Exploring the “Betrayal” Theme

Exploring the “Betrayal” Theme

Everybody needs somebody fighting for them.

Eckhart Tolle describes the word betrayal as a heavy word, there’s a vast amount of potential story wrapped around that one word and “Betrayal” as a theme can be complicated.
I read Nicole Highland’s “Sweetest Release,” this weekend. Her debut – a light novella that was easy to read on a relaxing Saturday afternoon. “Sweetest Release” got me thinking about human duplicity as a theme.
Betrayal is sometimes painful to write about or to read. For most, it hits close to home. Whether a family member deceived you, a friend, a parent or a child, it’s deeply personal.
We’ve all experienced it at some point in our lives, and for some, it’s been more life-altering than for others. Losing friends at school, having someone turn their back on you, gossiping behind your back, experiencing infidelity, or having a falling out with family members can be devastating. That dawning horror of thinking you knew somebody, that you were convinced of their substance, and then realizing that they are somebody else—a completely different person who never cared. Nicole Highland addresses that initial shock in the gamut of emotions that Natalie Sorenson runs through after her discovery of betrayal.

Why is betrayal such a profoundly personal theme?

You’ve trusted them with your soul, your passions, your dreams—the very essence of who you are. The very act of betrayal pulls that rug away, obliterating a secure future. The worst part is if you’ve fought for importance in that person’s life and they never made time for you. That’s when you blame yourself for walking so far down that path and for putting up with so much. Forgiving them over and over again. I like that Natalie doesn’t immediately seek escape. She faces the unfortunate task of going home after work every night and seeing her husband, and she goes to work every day while fighting for sanity.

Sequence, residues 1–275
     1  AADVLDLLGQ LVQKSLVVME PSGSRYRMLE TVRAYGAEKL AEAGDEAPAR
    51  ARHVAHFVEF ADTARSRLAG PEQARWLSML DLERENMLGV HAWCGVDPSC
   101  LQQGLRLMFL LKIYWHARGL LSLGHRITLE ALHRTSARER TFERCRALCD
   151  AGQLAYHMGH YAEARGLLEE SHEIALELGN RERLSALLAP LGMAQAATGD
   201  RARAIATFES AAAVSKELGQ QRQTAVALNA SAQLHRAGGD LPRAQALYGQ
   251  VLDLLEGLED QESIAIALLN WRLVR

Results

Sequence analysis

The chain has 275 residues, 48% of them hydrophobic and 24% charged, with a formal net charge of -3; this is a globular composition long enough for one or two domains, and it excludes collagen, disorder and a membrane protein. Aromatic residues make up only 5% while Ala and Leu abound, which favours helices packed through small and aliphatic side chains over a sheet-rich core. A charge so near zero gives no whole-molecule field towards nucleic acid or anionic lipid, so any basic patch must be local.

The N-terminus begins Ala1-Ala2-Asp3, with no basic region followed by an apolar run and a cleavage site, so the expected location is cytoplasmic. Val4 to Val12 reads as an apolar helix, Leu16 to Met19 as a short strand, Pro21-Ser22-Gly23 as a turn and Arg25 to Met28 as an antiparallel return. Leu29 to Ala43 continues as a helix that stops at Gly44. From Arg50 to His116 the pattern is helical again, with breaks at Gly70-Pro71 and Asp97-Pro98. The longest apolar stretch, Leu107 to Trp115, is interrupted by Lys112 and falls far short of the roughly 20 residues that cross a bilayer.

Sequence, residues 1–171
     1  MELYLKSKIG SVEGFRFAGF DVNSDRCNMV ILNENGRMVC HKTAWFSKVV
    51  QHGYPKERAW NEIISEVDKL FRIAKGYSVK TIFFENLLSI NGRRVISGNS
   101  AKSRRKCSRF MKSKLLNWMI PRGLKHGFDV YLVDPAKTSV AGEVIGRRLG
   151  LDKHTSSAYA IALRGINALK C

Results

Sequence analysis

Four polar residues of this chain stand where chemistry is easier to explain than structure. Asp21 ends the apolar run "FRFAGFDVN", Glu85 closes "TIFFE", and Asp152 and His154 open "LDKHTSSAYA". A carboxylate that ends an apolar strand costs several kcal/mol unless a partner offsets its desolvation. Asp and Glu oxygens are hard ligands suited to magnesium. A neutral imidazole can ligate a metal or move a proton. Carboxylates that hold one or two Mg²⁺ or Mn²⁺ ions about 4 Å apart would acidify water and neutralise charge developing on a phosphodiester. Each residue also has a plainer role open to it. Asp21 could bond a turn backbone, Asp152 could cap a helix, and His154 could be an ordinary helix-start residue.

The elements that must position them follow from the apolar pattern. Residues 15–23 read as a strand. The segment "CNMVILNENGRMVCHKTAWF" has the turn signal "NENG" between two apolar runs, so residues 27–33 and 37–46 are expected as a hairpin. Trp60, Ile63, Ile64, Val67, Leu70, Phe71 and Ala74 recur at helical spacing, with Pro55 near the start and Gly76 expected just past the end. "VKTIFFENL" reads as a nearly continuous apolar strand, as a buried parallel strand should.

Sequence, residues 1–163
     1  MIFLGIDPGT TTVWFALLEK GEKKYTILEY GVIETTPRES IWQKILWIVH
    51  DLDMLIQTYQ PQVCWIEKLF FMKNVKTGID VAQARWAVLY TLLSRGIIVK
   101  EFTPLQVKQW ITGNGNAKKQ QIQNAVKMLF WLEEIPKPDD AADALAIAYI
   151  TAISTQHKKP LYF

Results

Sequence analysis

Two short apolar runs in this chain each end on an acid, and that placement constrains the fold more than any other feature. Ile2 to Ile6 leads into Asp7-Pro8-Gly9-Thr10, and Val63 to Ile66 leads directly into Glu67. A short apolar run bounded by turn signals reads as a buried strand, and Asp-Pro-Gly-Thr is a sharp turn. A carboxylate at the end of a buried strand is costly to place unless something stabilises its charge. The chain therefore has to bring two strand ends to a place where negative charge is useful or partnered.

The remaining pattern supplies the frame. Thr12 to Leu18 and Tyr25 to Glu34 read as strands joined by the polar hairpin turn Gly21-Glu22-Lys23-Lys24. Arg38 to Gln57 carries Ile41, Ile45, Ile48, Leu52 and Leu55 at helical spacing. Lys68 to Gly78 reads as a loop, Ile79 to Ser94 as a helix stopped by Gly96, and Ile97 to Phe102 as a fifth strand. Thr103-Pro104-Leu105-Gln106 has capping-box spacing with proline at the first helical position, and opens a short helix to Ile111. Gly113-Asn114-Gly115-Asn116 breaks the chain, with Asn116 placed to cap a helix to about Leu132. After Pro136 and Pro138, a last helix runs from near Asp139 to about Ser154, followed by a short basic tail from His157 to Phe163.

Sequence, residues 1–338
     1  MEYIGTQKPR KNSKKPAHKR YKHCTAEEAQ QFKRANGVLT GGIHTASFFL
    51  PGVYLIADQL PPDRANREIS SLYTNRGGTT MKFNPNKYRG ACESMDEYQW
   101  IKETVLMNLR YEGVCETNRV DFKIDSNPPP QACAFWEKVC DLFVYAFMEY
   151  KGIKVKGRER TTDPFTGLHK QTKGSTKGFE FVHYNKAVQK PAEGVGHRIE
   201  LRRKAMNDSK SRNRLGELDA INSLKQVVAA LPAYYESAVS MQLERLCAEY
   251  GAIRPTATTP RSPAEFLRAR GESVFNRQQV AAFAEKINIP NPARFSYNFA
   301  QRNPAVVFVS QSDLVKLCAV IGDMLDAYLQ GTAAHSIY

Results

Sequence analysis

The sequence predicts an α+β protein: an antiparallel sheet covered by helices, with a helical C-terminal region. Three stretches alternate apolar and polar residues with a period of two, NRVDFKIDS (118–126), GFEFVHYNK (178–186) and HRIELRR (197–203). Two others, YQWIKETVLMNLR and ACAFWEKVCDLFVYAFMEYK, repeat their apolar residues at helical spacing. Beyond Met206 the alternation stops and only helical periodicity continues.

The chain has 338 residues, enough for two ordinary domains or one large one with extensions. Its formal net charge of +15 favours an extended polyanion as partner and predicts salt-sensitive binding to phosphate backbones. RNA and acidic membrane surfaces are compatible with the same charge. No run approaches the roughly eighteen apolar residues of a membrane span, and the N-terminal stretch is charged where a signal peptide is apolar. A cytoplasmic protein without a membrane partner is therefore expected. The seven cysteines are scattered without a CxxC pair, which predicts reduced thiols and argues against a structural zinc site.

Many times, especially in the romance genre when writing of betrayal, there’s usually a replacement partner—a knight in shining armor—standing in the wings, or a new friend on the horizon. A Devin Brandt in “Sweetest Release.” That’s what I love about the romance genre, that feeling of hope. Imagining a character getting their “Happily Ever After.”
That doesn’t always happen in real life. The reality is that you are your champion. The only person who will look after you is you. No one will come sweeping in to save you some circumstances. You have to love yourself and be there for yourself. It might be a lonely path, and it will be a long road. You become self-centric. Focusing on making sure that you are okay, at least for the meantime. Giving yourself time to mourn the death of a relationship and then, when it’s time, creating balance again in your life. Finding a new friend finding a new social club and new interests.
Most importantly… defining new goals. Sometimes, betrayal can lead you to a better life. It forces you to question your choices and clarifies a better future. One where you’re not afraid to take risks.
I look forward to tracking their love story and getting to know more about Devin in the next standalone novella, “Behind Brown Eyes.”

“Sweetest Release” – Available for purchase:



To watch Eckhart Tolle’s video on what we can learn through betrayal, click on the video below.

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